This session was presented in Spanish.
Epilepsy is estimated to affect over 60 million people worldwide, the majority of whom live in low and middle-income countries where access to medical treatment is limited. Cost-effective epilepsy treatments are available and an accurate diagnosis can be made without much technological equipment. Nonetheless, a vast majority of individuals with epilepsy in many resource-poor regions do not receive treatment. Anecdotal and descriptive estimates suggest a treatment gap of more than 80% in many low-income countries. In recent years, many countries have undertaken initiatives to decrease the epilepsy treatment gap, notably the demonstration projects such as the Global Campaign Against Epilepsy, conducted jointly by the International League against Epilepsy, the International Bureau for Epilepsy and the World Health Organization. However, measuring the gap, defined in simple terms as the proportion of people with epilepsy who require treatment but do not receive it, is challenging. There are numerous methodological issues to be considered and many cultural, demographic, economical and logistical factors that evidently influence this treatment gap and are themselves difficult to assess. This symposium will address the gaps in primary care, pharmacological and surgical care as well as in social acceptance and development in epilepsy as related to specific social, economic and political conditions in Spanish-speaking countries.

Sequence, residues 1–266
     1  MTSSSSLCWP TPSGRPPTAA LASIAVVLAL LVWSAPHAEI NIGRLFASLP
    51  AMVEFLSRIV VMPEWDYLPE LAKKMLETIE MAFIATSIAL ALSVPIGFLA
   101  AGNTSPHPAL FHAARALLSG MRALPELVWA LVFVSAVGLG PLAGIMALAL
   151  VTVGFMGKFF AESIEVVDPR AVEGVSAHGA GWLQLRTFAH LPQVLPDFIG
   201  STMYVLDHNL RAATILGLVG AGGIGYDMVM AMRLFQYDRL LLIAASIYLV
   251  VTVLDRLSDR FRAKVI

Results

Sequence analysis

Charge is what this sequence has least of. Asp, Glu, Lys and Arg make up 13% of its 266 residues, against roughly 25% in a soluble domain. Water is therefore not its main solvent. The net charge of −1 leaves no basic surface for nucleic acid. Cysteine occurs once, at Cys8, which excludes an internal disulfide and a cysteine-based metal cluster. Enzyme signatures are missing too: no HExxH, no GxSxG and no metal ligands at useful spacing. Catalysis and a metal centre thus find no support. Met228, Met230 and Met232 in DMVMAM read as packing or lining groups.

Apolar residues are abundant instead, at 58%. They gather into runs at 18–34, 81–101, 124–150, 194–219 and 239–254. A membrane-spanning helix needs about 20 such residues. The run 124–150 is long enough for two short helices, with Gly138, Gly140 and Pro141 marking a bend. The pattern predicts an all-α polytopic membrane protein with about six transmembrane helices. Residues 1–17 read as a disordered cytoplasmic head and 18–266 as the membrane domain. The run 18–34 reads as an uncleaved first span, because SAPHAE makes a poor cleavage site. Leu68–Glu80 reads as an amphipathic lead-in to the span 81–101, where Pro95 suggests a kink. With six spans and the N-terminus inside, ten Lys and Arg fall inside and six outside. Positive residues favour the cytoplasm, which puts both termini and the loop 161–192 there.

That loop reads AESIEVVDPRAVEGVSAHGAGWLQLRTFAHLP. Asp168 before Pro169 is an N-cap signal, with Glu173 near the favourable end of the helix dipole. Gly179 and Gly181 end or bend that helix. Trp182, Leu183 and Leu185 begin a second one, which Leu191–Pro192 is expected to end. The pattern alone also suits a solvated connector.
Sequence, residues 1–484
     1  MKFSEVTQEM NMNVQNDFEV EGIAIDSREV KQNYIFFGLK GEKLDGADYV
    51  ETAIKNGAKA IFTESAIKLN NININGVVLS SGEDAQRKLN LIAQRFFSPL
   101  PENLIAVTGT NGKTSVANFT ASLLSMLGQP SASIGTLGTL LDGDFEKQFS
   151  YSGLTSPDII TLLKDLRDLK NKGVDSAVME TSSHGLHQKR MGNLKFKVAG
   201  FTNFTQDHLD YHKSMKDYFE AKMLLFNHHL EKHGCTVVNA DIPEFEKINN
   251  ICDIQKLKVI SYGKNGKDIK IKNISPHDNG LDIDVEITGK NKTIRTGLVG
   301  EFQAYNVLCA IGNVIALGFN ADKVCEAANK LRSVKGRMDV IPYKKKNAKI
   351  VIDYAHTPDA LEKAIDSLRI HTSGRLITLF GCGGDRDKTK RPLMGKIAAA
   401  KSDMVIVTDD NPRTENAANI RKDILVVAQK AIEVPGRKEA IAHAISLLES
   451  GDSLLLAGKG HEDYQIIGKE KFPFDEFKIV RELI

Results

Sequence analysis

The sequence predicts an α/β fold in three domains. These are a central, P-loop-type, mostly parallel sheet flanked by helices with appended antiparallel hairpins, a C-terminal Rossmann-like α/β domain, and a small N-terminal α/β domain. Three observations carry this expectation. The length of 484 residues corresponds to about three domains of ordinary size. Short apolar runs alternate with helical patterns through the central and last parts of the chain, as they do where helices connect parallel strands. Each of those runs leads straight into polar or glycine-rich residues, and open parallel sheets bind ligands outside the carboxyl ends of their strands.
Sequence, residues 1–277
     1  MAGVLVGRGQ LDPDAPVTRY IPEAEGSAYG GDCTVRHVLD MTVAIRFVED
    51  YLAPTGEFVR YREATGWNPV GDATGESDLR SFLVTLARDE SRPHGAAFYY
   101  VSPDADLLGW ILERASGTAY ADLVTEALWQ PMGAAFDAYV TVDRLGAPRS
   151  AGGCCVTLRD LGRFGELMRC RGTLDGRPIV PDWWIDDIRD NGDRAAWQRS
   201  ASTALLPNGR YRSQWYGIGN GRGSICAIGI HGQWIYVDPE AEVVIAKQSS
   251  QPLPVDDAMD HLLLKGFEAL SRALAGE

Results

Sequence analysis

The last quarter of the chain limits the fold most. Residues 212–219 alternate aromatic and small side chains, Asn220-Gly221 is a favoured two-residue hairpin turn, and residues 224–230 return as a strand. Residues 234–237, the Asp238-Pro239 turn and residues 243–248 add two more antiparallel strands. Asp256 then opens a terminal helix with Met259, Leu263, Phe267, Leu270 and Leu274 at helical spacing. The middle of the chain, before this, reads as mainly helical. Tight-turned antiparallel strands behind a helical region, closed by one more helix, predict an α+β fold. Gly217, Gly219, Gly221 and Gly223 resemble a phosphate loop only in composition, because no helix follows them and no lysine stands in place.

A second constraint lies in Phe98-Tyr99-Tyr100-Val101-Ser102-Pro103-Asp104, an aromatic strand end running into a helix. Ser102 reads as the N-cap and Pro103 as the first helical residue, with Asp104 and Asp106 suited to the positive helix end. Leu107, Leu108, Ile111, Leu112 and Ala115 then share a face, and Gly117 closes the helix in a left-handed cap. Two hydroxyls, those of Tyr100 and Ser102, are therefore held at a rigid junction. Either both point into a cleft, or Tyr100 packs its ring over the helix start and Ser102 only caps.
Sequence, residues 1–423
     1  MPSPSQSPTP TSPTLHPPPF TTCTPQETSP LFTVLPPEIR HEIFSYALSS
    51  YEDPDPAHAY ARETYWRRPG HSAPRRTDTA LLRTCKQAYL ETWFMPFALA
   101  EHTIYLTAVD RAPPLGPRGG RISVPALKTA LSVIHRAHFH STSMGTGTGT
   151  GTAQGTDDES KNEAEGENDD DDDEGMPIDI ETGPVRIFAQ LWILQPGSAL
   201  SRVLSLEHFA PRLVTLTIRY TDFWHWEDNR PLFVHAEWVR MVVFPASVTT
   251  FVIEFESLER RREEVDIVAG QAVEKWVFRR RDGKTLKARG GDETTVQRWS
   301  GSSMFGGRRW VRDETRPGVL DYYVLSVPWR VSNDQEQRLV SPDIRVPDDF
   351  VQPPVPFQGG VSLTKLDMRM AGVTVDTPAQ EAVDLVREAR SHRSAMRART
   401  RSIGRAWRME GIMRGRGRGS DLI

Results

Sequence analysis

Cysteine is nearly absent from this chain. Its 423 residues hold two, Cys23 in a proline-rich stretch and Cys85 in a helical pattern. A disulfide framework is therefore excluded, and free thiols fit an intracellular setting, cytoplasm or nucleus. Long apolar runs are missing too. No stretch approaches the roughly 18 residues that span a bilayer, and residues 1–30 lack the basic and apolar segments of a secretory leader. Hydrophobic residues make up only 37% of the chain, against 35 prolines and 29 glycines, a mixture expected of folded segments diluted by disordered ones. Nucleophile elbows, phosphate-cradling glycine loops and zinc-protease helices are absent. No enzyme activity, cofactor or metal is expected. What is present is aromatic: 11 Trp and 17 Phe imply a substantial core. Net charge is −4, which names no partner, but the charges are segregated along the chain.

Following participation in this session, learners should be able to:
- Define the term “treatment gap” and describe the relative impact regarding current practices in pharmacological treatment, neurophysiologic resources and surgical treatment of epilepsy in Spanish-speaking countries that contribute to this gap.
- Describe standardized methods for measuring the aforementioned treatment gap.
- Delineate the specific cultural, economic and social factors identified in Spanish-speaking countries that contribute to this treatment gap.
- Review and discuss strategies for reducing this treatment gap in Spanish-speaking countries.
- Differentiate between strategies at the biological, social and economic levels that should be adapted or even copied from higher income countries and actions that must necessarily take specific circumstances into account and must be developed locally.
Co-Chairs: Mario A. Alonso-Vanegas, M.D., and David King-Stephens, M.D.
Mario A. Alonso-Vanegas, M.D.
Treatment Gap, How Can It Be Qualified and Quantified? How Do We Stand in Spanish-speaking Countries?
Jorge Burneo, M.D., M.S.PH.
Pharmacological Treatment Gap in Spanish-speaking Countries
Juan Jesús Rodríguez Uranga, M.D.
Neurophysiology Resources Gap in Spanish-speaking Countries
Silvia Kochen, M.D.
Surgical Treatment Gap in Spanish-speaking Countries
Jorge Álvaro González-Martínez , M.D., Ph.D.
David King-Stephens, M.D.
Attendees of the 2016 Annual Meeting have free access to recordings.